Tell us what it is you do, and why you do it..
SW/ I send out a different independent magazine every month to a couple of thousand subscribers around the world. And I do it because I’m in love with the ideas and energy in the best independent magazines, and I know that there are a lot more people out there who would love these magazines if they could only discover them.
JL/ I design, write and publish. Most of my time is spent designing, working with clients on their magazines, apps and websites at the magCulture studio. Alongside this I promote creative editorial design via the magCulture website, conferences and other events. And we publish a few things – we just launched our first magazine Fiera in collaboration with Katie Tregidden. I do it because I find editorial design fascinating. Design in an editorial context is not surface, it is content.
Can you each give us a couple of personal highlights from the year?
SW/ Jeremy’s Modern Magazine Conference was really great – it’s fantastic that he’s able to bring magazine makers from all over the world to London for one big get together. And at the opposite end of the conference spectrum, I also had a fantastic time at Indiecon in Hamburg. It was the first time they’d held the event and it was a genuinely indie production – a group of young friends doing something because they really care about it.
JL/ Things to remember include working with Douglas Coupland on Kitten Clone; taking Printout to Bristol; eating at Noma; putting together a radio show for Pick Me Up radio; discovering Limewood with Lesley; collaborating with Vitsoe on the 620 Reading Room; helping design a live stage show to mark Maison Moderne’s 20th anniversary. And moving from home into the new studio space.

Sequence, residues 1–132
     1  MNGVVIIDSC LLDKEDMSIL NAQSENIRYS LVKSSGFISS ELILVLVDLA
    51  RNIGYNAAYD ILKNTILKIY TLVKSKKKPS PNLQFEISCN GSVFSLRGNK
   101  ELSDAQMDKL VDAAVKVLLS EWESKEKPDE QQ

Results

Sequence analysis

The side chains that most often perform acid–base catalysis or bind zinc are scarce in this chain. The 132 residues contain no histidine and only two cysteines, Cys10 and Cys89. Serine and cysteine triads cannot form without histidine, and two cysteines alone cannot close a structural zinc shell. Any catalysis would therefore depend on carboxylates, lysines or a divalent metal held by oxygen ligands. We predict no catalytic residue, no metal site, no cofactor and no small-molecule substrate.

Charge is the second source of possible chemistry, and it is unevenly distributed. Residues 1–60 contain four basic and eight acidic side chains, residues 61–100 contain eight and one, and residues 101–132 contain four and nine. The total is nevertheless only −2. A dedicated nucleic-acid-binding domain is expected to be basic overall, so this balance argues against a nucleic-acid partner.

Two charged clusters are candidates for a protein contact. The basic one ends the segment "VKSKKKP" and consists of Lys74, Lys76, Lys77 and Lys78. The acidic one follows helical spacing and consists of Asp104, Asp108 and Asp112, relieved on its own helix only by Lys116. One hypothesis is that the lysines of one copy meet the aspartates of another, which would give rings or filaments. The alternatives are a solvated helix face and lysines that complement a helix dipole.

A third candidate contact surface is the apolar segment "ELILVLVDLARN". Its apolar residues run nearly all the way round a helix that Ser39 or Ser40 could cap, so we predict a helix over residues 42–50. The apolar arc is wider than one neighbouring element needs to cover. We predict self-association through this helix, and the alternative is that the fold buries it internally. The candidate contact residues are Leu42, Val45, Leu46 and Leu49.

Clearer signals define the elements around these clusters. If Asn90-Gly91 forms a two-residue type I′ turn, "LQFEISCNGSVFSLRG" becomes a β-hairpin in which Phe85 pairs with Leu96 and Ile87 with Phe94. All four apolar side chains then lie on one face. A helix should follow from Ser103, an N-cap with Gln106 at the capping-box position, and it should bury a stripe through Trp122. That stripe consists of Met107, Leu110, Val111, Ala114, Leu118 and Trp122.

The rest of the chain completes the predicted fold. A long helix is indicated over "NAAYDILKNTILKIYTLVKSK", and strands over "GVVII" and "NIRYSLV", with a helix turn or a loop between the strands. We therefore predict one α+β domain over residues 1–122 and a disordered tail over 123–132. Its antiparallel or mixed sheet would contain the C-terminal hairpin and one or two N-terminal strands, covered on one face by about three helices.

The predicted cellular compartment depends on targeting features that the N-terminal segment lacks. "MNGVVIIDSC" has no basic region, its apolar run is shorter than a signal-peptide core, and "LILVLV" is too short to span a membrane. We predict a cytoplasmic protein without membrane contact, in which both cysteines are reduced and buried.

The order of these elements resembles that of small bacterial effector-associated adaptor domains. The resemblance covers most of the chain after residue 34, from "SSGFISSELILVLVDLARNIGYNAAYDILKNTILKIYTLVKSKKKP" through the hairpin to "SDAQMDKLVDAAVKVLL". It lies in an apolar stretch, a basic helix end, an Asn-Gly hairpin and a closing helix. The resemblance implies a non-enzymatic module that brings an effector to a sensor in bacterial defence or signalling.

You guys collaborate on Printout – how did that come about?
SW/ Way back when I first started working for The Church of London I went from having one day a week for Stack, to having two days a week. I was really keen to experiment with magazine events, and I remember speaking to Jeremy at The Church of London offices and realising that we’d both been having similar ideas. We realised that this wasn’t going to be either a Stack or a magCulture thing, so we knocked some ideas for names back and forth and a few weeks later we were running our first ever Printout.
On the launch of the Telegramme Paper Co. we caught up with long time friend of FFF Bobby Evans to find out what the heck is going on… (we also scored an exclusive discount for all our readers – simply enter ‘FFF10‘ at the final checkout after choosing payment method to get a 10% discount, valid until 10th October – yee-haa!) _